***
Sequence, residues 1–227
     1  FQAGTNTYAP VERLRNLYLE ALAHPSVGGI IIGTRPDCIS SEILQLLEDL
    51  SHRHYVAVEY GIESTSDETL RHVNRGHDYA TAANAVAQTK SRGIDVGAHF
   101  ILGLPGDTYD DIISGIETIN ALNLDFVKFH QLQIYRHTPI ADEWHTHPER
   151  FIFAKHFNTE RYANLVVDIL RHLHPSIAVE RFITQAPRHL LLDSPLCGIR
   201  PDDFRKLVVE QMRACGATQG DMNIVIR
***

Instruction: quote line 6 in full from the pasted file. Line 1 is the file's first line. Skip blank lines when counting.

   201  PDDFRKLVVE QMRACGATQG DMNIVIR